How and why is SEO different for B2B?

SEO is a requirement for most businesses. But how (and why) is it different between B2B and B2C brands?

A lot of it has to do with the buying journey, how many people are involved in that decision, and how long it takes.

B2C brands have benefited from the always-on, instant gratification, and impulse purchasing way of buying we have moved towards. Now this means they need to be a lot present on more channels in order to fight to get the right audience for social media based selling. (tough break for marketers)

But with B2B brands, Google still wins out over social as the search engine of choice. So writing SEO content needs to be a priority. Today, we’re chatting about:

  • The B2B buying journey (and its impact on SEO)
  • Understanding search intent
  • Playing the long game with content
  • Writing content people-first

The B2B buying journey is a long one. Here’s what that means for SEO

When it comes to optimising your content for SEO, you need to consider two absolutely critical things:

  • Who, in the buying journey, are you targeting?
  • How far in the buying journey are they? (aka search intent)

Understanding the people involved

We need to ask “who” because when it comes to B2B, there are a lot of people involved in this decision. How many are involved will change with the size of the company you are targeting. The smaller the business, the fewer but more senior people will be involved. The larger the business, the more but fewer C-Suite people will be involved.

And this also changes how you need to target your content.

This is why I think understanding customer profiles and personas is so vital for B2B. The roles and responsibilities of senior folks are different depending on the size of the organisation.

For example, a HR/People Manager in a really small company may have similar responsibilities to a HR Business Partner in an enterprise. When you are working with businesses, there are no blanket rules here.

What are people really looking for?

It’s important that you focus your efforts on particular types of search intent. I am fully aware that there are specific categories (particularly used by SEMrush), but I have a less technical system.

Let’s come back to that in a minute.

Need a hand reaching the right people with your content in 2023? Let’s have a chat over a cuppa.

Understanding B2B search intent

If you’ve been here a while, you’ll know by now that I have a system for everything. Am I the only person to have a system or categories for search intent? No, absolutely not. But I don’t like jargon. Technical mumbo jumbo can get in the bin.

Here is my four-stage system (categorisation?) for search intent:

  • I want to know a thing (trivial/fact-based)
    • Example: “What does LMS mean?”
  • I want to understand/learn a thing (educational)
    • Example: “Workplace learning stats 2022”
  • WHY IS THIS HAPPENING TO ME? (panic/problem aware)
    • Example: “Low learning engagement” / “How to improve learning engagement?”
  • I know what’s wrong and now I just need a fix for it (solution-aware)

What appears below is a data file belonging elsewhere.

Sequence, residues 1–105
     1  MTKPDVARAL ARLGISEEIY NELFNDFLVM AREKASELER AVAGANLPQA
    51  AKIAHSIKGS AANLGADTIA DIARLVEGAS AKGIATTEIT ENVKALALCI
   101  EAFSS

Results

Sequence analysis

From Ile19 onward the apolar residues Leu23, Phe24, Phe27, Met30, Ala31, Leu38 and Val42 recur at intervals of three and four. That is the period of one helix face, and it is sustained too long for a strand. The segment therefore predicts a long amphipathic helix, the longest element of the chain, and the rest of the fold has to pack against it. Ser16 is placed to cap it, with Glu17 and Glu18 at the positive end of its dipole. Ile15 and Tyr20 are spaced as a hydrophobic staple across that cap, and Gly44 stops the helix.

• Example: “LMS providers UK” or “Best learning systems UK”

This isn’t an exhaustive list of search intent, but it’s a pretty good place to start. This isn’t always a linear path either. So it’s important to target different areas.

Why you need to target each one

Targeting the first one can get you on people’s radar. They may have a mooch around your site to find out more. But equally, if a featured snippet will give them the answer, they’re not gunna click.

Targeting the second one is a great way to build backlinks and have people cite you for their own research and content.

The third and fourth ones are ideal for conversion-focused SEO. These are the areas to focus your cornerstone content on. Want to learn more about cornerstone content? Keep scrolling.

Playing the long game with content

If your strategy is filled solely with “quick wins”, pretty soon you’re going to lose. nContent allows you to play the long game. You can gain backlinks through guest posting and resharing your blogs on other websites.

You can gain a reputation for thought leadership. You can target the same keywords year in year out with minimal changes to your content.

You can use it for lead generation, building expertise and authority.

The possibilities are virtually endless. But the content needs to be there first. And here’s the critical thing: there is no “right time” to start. You just need to do it. (If you want a hand with your content strategy, I recently

Writing people-first content

The Helpful Content Update in August caused a bit of a storm among both the writing and SEO communities online (Twitter, I’m looking at you).

So I just wanted to pop in to remind you that writing to answer people’s questions and help them on their way if more important than obsessing over keywords.

That said. It’s people first, keywords second. Not people only. So please do your research carefully.

Need your content to work harder for you? Let’s have a chat about your strategy and get that shit optimised.

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